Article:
It is all your fault

It’s all your fault. That black eye? It’s all your fault. He has a drinking problem? It’s all your fault. After all, that is what he tells you, time and time again—right? If you’d just keep your mouth shut and not talk back, you would not get hit or called the worst of names. You tried to speak out, and as a result, the bruises are on your arm. It’s all your fault. You should have stayed quiet. The old saying is, “You were just adding fuel to the fire.” I mean, you know he has a terrible temper. You know his possible reactions. So why risk the results of his ire by asking him to stop yelling in front of the children? You know better. You know it will only make matters worse. It’s all your fault.

By now, I hope you realize that first paragraph was all tongue-in-cheek, intentional sarcasm. If I had a dollar for every time I was told, “It’s all your fault,” I’d be a very wealthy woman.

The first time I heard, “It’s all your fault,” I was a mere eight years old. I had just been fondled by an extended family member—the golden child who would always be believed over me, in spite of the age difference. I could not tell anyone what he had just done. If I did, he made it very clear he’d tell them it was all my fault. And for seven more years I was told, “It’s all your fault.” For the life of me, I could not fathom then, nor now, how someone may actually believe that an innocent naïve 8-year-old little girl could have concocted such behavior or actions as those he perpetrated upon my body. I just knew if I told, it would be all my fault that the family was torn apart, or the church would split, or the small community where we lived would be ruined. I had no idea the power I wielded (again, sarcasm…). So, I grew up hearing, “It’s all your fault.” I was to blame for his perversion and sick mind.

Then came marriage… What else could be my fault? I would be told I “drove” him to drink. I “made” him verbally abuse me. I “deserved” what I got. For 16 years it was as if I was living through an ongoing out-of-body experience. Every day was spent walking on eggshells. I reached a point where I could not take it any longer, and managed to talk my doctor into prescribing narcotics to “help take the edge off your nerves.” Back in the 70s the general diagnosis for all women was “nerves.” Nobody ever asked how things were at home. Stress and heart disease were never mentioned in women during the 70s or 80s, and it was not until the 90s they started being truly and seriously considered. On Friday the 13th in 1996, I had a heart attack. I had been divorced for nearly 11 years. Only recently was I contacted by a local news reporter for an interview. She wanted to talk to me about the CDC reports that reflect women who were sexually abused as young girls, or who endured domestic abuse in earlier years are at a 45%-62% higher risk of suffering from heart disease. There are some who would even now say, “It’s all your fault. Why didn’t you just leave? Why didn’t you just get away from the situation?” An old Indian saying mentions walking a mile in my moccasins before you try to judge me. I’m just saying…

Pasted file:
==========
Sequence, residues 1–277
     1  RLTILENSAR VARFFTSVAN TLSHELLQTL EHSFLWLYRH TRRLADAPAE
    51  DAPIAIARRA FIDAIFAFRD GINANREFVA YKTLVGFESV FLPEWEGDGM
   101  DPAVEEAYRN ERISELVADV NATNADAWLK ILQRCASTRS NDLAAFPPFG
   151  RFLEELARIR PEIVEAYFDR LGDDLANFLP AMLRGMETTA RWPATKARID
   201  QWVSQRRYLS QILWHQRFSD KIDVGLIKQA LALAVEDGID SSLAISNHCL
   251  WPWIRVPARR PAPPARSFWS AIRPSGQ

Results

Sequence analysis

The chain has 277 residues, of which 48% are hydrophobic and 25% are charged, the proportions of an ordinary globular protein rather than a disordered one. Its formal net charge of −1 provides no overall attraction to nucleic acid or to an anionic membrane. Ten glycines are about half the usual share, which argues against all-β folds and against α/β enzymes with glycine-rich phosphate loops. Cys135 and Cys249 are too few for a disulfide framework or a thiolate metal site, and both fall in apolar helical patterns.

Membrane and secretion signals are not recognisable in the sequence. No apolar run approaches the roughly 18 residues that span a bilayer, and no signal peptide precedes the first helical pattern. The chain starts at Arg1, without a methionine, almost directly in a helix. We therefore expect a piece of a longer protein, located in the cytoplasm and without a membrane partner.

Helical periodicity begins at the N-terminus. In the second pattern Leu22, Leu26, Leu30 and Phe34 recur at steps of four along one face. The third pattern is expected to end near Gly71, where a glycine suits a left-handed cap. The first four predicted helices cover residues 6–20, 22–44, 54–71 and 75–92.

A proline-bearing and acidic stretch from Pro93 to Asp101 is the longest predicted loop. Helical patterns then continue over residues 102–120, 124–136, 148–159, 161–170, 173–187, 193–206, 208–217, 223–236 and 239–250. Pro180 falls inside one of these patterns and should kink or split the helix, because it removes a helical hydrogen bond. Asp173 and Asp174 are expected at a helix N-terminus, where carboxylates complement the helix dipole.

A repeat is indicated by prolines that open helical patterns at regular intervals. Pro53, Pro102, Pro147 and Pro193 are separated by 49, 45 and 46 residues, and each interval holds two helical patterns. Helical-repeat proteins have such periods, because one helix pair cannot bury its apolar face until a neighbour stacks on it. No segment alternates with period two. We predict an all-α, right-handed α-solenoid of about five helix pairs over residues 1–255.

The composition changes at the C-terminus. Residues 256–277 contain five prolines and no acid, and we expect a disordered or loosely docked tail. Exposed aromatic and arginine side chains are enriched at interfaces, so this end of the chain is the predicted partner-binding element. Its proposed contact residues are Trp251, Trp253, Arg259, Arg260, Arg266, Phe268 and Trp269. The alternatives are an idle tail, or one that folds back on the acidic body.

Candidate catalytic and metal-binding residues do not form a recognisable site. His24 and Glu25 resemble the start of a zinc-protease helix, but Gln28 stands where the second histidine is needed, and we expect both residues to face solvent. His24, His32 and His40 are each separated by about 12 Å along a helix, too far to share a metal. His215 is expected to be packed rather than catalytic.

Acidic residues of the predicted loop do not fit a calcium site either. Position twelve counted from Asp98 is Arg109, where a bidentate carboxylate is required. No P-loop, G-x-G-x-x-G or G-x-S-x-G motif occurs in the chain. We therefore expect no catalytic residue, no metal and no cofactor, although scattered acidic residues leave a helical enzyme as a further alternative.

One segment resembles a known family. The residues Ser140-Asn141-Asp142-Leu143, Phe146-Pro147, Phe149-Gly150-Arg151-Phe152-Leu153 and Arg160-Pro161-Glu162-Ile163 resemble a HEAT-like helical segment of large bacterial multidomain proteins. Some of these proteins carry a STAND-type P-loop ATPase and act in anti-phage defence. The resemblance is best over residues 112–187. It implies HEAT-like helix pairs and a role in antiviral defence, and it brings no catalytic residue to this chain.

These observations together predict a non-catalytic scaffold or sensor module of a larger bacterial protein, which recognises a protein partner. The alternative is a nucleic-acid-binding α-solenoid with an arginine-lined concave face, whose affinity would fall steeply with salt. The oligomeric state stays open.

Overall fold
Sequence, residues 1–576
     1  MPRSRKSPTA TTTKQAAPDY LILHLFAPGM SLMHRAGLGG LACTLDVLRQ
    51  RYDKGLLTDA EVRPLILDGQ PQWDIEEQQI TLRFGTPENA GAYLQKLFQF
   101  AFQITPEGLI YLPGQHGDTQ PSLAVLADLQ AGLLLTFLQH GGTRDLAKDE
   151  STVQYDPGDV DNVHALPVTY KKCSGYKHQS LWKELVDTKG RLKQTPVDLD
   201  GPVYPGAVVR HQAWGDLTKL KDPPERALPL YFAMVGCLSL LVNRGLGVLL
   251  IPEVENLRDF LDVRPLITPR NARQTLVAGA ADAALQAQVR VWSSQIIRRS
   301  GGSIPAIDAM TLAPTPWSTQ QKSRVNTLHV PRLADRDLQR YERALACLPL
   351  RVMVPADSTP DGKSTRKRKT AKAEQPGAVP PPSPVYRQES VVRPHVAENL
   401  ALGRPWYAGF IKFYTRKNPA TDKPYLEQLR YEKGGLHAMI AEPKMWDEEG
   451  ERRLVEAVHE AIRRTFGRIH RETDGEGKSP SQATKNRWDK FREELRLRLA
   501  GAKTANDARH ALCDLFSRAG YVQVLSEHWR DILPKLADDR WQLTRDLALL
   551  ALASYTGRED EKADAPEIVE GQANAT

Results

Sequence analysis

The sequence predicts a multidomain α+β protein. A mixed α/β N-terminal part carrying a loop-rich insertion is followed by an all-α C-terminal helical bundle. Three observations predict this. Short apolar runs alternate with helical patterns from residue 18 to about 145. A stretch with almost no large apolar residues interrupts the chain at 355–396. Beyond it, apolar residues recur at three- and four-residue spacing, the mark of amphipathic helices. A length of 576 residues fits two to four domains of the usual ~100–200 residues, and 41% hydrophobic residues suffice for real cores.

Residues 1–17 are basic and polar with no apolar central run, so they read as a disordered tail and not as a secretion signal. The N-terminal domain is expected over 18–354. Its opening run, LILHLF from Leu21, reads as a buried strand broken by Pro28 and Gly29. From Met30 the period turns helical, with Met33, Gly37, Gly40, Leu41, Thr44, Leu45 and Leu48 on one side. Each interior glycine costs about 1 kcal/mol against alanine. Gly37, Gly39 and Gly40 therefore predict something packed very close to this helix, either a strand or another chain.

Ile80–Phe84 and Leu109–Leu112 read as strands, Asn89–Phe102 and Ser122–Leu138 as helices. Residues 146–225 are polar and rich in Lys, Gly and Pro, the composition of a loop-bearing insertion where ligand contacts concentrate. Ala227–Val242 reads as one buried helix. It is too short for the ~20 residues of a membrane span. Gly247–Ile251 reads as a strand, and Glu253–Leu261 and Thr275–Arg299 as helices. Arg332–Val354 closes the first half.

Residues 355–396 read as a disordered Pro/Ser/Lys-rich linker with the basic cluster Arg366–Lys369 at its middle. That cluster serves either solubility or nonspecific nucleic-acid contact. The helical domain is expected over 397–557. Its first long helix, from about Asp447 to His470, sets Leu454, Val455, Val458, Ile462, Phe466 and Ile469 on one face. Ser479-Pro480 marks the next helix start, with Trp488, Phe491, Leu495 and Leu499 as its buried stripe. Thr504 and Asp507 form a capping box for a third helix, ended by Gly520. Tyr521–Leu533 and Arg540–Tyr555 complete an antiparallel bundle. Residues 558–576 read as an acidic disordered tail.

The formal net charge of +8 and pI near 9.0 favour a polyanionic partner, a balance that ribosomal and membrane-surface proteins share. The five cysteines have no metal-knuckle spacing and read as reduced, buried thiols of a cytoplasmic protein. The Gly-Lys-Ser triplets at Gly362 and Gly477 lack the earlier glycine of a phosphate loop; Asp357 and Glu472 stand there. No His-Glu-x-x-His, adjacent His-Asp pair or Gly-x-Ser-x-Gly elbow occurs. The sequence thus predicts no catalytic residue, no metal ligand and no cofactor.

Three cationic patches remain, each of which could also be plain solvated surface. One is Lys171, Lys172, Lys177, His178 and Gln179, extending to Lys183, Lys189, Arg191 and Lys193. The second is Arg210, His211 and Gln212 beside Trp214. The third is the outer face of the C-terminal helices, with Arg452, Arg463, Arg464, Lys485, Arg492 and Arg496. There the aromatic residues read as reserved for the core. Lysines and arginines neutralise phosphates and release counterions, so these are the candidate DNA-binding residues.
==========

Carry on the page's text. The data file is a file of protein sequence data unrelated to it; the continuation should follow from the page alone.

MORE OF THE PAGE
For whatever reason you stay, or go, please know this: Unless you’re the mother raising a toddler, the behavior of one person cannot be controlled by another. (For those who know toddlers, even in that situation, it’s questionable). Behavior is a choice. Actions and reactions are choices. Whenever you hear, “It’s all your fault,” please realize it is not all your fault. It is your life, and it is your choices. If you decide to leave, be sure to do it in a safe manner. Develop a safety plan in advance. Need help to get away? Do not hesitate to seek it. Go to the Victim Support Page on this site and find a link, call a hotline. You can do it. You have the right to a happy and fulfilling life. Don’t ever think differently.

Carolyn S. Hennecy recently received a certificate as Designated Victim Services Practitioner through completion of a 40-hour course conducted by the Office of the Attorney General of the State of Florida. She is recognized nationally as an expert survivor spokesperson on domestic/intimate partner abuse and violence, sexual assault and child molestation and abuse.

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